Please click here for information on DBT for children and preadolescents.

DBT Skills Training Group: Each DBT program member participates in a weekly group to learn skills in the five main areas outlined above.

  • Adolescent Multifamily Skills Group – Ages 12-18 (weekly for 90 minutes): Teens and parents/caregivers attend group together to learn core DBT skills. Parents learn how to more effectively communicate with their children, enhance their own coping skills and empower their child to use DBT skills to deal with problems.
  • Young Adult Skills Group – Ages 18-25 (weekly for 90 minutes): Young adults attend group with peers who experience similar concerns. Separate parent consultation is available for young adults who would like support from their parents in the treatment process.
  • Graduate Group for Adolescents (weekly): Teens who have completed the Multifamily Skills Group are eligible to participate in this group aimed at helping them continue to practice their DBT skills while receiving consultation and support from peers.

DBT Individual Therapy (1 – 2 sessions each week): Participants work on specific problem behaviors and apply techniques learned in the skills group to their goals.

Skills Coaching by Phone: Available to help participants apply skills in the moment they are needed, before high-risk behaviors occur.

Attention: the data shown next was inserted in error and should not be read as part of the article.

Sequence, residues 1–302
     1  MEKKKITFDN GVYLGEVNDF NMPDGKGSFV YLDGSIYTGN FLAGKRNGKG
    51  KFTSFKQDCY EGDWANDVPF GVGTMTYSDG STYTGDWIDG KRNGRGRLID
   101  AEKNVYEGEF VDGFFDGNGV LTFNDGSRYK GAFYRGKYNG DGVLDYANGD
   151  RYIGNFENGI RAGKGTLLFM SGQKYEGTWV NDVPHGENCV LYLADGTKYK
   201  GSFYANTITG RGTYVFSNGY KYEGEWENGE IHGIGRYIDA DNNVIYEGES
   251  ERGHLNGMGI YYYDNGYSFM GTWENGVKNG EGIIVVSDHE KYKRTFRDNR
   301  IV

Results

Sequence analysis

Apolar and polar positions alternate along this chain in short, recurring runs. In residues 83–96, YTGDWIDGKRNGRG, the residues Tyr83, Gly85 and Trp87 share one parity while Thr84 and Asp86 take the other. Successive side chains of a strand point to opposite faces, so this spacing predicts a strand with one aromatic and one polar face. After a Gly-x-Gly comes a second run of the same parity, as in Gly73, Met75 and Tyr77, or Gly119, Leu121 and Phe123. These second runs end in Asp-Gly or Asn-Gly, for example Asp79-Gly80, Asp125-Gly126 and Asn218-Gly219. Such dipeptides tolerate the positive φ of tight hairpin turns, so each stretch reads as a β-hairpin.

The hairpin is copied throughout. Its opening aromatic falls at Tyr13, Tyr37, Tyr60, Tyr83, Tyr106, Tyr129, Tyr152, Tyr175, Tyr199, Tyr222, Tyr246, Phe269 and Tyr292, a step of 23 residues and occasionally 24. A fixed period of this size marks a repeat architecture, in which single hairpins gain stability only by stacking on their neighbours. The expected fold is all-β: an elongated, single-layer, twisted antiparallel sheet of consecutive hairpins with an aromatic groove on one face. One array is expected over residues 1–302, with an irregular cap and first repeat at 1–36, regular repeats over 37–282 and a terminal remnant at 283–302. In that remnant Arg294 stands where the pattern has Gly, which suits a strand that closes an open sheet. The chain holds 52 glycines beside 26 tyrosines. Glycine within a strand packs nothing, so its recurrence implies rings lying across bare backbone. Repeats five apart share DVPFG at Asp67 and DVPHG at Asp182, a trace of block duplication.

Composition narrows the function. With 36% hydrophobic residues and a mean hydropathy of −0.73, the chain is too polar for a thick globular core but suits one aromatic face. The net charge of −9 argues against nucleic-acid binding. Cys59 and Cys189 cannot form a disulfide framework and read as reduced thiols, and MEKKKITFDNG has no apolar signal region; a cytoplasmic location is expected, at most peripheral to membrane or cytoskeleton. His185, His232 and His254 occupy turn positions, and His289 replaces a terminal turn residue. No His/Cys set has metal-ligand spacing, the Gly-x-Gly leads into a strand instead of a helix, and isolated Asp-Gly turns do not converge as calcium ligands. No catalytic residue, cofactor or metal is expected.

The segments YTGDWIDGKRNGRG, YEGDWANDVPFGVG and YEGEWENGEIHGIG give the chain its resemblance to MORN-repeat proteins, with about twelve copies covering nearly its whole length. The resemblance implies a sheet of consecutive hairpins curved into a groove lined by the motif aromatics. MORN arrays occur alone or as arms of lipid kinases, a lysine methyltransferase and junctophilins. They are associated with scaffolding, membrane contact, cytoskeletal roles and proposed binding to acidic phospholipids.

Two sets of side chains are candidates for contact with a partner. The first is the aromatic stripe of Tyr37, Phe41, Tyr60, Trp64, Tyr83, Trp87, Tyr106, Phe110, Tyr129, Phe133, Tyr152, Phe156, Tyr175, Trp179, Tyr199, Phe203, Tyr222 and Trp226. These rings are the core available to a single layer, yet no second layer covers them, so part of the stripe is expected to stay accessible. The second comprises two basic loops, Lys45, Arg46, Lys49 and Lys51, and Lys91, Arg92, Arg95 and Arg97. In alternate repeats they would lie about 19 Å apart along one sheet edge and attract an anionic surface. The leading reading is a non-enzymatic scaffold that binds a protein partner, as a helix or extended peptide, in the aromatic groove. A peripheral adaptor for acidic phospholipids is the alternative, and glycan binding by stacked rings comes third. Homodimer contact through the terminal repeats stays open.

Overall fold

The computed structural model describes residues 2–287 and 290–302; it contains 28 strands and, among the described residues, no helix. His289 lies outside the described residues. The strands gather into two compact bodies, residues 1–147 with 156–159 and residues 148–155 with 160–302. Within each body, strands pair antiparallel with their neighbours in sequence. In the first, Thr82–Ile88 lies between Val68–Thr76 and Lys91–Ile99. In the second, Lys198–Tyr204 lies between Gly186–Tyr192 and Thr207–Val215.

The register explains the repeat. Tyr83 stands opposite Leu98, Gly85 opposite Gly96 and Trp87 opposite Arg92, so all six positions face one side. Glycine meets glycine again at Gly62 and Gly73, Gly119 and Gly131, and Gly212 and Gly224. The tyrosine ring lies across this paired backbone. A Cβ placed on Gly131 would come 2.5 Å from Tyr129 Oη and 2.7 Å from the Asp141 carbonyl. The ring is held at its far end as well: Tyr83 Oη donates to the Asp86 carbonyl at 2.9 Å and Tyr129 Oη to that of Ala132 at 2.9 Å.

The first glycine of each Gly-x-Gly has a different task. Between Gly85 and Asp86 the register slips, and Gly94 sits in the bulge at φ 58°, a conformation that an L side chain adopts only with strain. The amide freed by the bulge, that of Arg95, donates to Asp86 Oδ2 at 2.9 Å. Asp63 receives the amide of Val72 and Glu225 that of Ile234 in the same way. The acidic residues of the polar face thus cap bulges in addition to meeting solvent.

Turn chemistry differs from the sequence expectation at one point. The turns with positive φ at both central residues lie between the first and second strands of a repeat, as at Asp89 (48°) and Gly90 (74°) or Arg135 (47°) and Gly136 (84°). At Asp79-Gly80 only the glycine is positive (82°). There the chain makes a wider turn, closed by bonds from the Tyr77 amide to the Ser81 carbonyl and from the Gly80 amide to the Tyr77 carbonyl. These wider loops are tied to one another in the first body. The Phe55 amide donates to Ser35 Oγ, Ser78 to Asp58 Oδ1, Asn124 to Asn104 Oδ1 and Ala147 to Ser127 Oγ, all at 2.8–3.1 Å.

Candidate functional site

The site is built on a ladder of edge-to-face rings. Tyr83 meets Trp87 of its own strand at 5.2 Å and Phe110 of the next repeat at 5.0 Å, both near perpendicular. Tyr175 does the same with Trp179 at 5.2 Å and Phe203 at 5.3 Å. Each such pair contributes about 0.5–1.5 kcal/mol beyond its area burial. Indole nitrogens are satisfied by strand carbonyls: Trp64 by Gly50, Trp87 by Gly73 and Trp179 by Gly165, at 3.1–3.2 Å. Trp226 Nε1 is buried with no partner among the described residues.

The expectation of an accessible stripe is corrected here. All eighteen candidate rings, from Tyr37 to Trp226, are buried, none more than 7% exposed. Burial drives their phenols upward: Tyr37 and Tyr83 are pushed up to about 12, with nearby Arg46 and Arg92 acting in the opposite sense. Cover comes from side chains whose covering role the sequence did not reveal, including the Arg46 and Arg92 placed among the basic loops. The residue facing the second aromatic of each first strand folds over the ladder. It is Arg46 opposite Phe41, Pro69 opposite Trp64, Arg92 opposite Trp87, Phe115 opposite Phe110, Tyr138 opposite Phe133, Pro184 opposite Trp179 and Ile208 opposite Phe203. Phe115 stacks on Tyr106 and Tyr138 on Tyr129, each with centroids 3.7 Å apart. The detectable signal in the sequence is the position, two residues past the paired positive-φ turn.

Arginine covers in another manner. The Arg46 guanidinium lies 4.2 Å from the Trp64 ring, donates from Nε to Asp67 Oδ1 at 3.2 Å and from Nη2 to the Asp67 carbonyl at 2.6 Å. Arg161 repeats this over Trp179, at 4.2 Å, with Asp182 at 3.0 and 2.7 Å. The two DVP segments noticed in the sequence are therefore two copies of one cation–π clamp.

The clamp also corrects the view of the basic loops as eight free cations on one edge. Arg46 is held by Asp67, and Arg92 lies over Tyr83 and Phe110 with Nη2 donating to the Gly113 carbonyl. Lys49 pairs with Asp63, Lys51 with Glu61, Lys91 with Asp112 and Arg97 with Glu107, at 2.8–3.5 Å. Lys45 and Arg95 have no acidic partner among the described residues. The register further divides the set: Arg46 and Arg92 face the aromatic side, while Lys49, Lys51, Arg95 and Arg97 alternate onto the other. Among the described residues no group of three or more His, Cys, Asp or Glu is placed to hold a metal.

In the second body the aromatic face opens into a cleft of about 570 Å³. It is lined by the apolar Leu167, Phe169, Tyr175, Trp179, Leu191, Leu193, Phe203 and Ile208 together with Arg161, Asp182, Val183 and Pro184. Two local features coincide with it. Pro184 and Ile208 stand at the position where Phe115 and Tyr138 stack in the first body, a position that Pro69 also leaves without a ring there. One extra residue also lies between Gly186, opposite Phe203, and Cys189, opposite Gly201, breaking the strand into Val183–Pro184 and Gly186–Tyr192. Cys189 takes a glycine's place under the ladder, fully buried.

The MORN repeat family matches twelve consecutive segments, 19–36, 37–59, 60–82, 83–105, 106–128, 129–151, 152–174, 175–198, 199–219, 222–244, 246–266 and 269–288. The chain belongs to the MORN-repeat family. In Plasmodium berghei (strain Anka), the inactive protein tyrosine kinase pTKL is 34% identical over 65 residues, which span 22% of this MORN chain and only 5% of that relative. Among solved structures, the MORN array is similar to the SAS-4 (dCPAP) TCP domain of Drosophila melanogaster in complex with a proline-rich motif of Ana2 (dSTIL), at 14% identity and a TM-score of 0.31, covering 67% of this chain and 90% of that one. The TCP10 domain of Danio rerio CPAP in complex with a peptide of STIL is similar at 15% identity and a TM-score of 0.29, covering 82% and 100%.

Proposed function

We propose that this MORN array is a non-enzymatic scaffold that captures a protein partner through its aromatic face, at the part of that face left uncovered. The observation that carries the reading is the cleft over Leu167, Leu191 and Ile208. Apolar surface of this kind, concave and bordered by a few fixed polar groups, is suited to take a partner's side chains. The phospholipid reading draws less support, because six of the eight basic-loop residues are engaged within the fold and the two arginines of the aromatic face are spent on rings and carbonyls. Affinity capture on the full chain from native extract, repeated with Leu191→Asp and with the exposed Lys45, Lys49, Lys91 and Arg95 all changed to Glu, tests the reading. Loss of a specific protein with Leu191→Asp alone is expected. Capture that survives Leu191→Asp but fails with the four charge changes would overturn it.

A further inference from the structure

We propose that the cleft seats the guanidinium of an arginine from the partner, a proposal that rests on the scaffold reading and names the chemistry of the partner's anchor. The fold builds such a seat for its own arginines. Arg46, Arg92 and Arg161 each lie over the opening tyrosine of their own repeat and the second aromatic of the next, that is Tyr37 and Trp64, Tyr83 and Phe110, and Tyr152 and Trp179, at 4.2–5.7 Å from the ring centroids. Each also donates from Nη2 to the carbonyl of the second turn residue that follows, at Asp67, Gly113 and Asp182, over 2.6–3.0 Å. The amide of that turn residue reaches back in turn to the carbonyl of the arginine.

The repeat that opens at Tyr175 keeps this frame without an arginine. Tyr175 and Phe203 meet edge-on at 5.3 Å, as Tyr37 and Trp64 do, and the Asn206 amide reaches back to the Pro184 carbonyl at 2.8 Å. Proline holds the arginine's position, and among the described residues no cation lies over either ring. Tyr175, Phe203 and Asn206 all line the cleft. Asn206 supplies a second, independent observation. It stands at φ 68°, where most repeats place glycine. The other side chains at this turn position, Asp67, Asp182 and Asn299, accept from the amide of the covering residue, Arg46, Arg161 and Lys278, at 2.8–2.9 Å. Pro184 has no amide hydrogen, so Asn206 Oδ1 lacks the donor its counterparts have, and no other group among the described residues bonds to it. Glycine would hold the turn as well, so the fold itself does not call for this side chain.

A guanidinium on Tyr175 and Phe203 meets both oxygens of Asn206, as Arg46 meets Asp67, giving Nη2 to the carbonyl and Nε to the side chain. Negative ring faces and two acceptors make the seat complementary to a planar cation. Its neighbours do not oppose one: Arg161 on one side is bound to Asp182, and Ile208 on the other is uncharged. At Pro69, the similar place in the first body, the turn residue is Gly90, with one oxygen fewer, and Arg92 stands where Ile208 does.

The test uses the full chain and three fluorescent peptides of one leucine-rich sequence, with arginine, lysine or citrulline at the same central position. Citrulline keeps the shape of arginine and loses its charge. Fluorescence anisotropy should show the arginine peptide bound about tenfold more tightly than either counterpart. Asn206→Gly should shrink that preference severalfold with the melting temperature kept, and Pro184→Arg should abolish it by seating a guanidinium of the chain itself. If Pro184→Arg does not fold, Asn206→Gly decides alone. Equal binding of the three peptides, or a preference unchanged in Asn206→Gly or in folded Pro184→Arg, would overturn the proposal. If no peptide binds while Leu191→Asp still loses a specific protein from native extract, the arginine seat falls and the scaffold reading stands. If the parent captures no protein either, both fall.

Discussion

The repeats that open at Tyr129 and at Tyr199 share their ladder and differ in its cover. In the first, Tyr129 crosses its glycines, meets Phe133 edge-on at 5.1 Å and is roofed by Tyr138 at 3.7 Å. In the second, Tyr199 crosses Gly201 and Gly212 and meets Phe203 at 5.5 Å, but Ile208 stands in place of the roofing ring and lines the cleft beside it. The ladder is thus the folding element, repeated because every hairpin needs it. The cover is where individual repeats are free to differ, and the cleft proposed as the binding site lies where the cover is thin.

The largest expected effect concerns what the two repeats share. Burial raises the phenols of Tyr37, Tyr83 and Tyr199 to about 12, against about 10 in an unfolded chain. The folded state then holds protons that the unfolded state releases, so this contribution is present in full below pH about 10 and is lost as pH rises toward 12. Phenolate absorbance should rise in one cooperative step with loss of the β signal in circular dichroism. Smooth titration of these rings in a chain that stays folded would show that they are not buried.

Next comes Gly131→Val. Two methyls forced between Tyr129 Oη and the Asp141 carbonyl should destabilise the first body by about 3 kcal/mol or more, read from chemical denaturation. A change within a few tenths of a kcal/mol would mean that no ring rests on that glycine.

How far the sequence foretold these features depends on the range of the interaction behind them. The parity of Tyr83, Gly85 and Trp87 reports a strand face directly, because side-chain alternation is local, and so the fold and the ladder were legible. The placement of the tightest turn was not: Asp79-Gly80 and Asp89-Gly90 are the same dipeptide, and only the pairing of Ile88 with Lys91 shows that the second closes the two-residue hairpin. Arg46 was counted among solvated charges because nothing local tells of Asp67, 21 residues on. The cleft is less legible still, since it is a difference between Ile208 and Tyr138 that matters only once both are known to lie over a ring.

Medication Management as Needed

Consultation Team: Our clinicians meet regularly as a consultation team to support one another and think creatively about the best ways to help teens and their families.

DBT Parent Management Training (as needed): Parents have the opportunity to work on specific problem behaviors and parenting goals by combining techniques learned in the skills group with parent management training.

For more information, please contact Gabby Gottschall at gabby.gottschall@childmind.org or call (646) 625-4257.

Our Team

Jill M. Emanuele, PhD
Jill Emanuele, PhD

Senior Director, Mood Disorders Center

Child Mind Institute

Joanna R. Stern, PsyD

Clinical Psychologist, Mood Disorders Center, Director, Dialectical Behavior Therapy Program

Child Mind Institute

Hilary Bucell, MM

Clinical Intern, Mood Disorders Center

Child Mind Institute

Tali Clements, MS

Clinical Extern, Mood Disorders Center

Child Mind Institute

Lindsey Giller, PsyD

Clinical Psychologist, Mood Disorders Center

Child Mind Institute

Ronit Grofman, MA

Clinical Extern, Mood Disorders Center

Child Mind Institute

Lauren Haliczer, MA

Clinical Extern, Mood Disorders Center

Child Mind Institute

Alexandra Hamlet, PsyD
Alexandra Hamlet, PsyD

Clinical Psychologist, Mood Disorders Center

Child Mind Institute

Jacob Lackow,  PhD

Associate Psychologist, Mood Disorders Center

Child Mind Institute

Lindsay Brand, PhD
Lindsay Macchia, PhD

Clinical Psychologist, Mood Disorders Center

Child Mind Institute

Stephanie Samar, PsyD

Clinical Psychologist, Mood Disorders Center

Child Mind Institute

Sarper Taskiran, MD

Child and Adolescent Psychiatrist

Child Mind Institute

Emma Zoloth, PsyD

Associate Psychologist, Anxiety Disorders Center, Mood Disorders Center

Child Mind Institute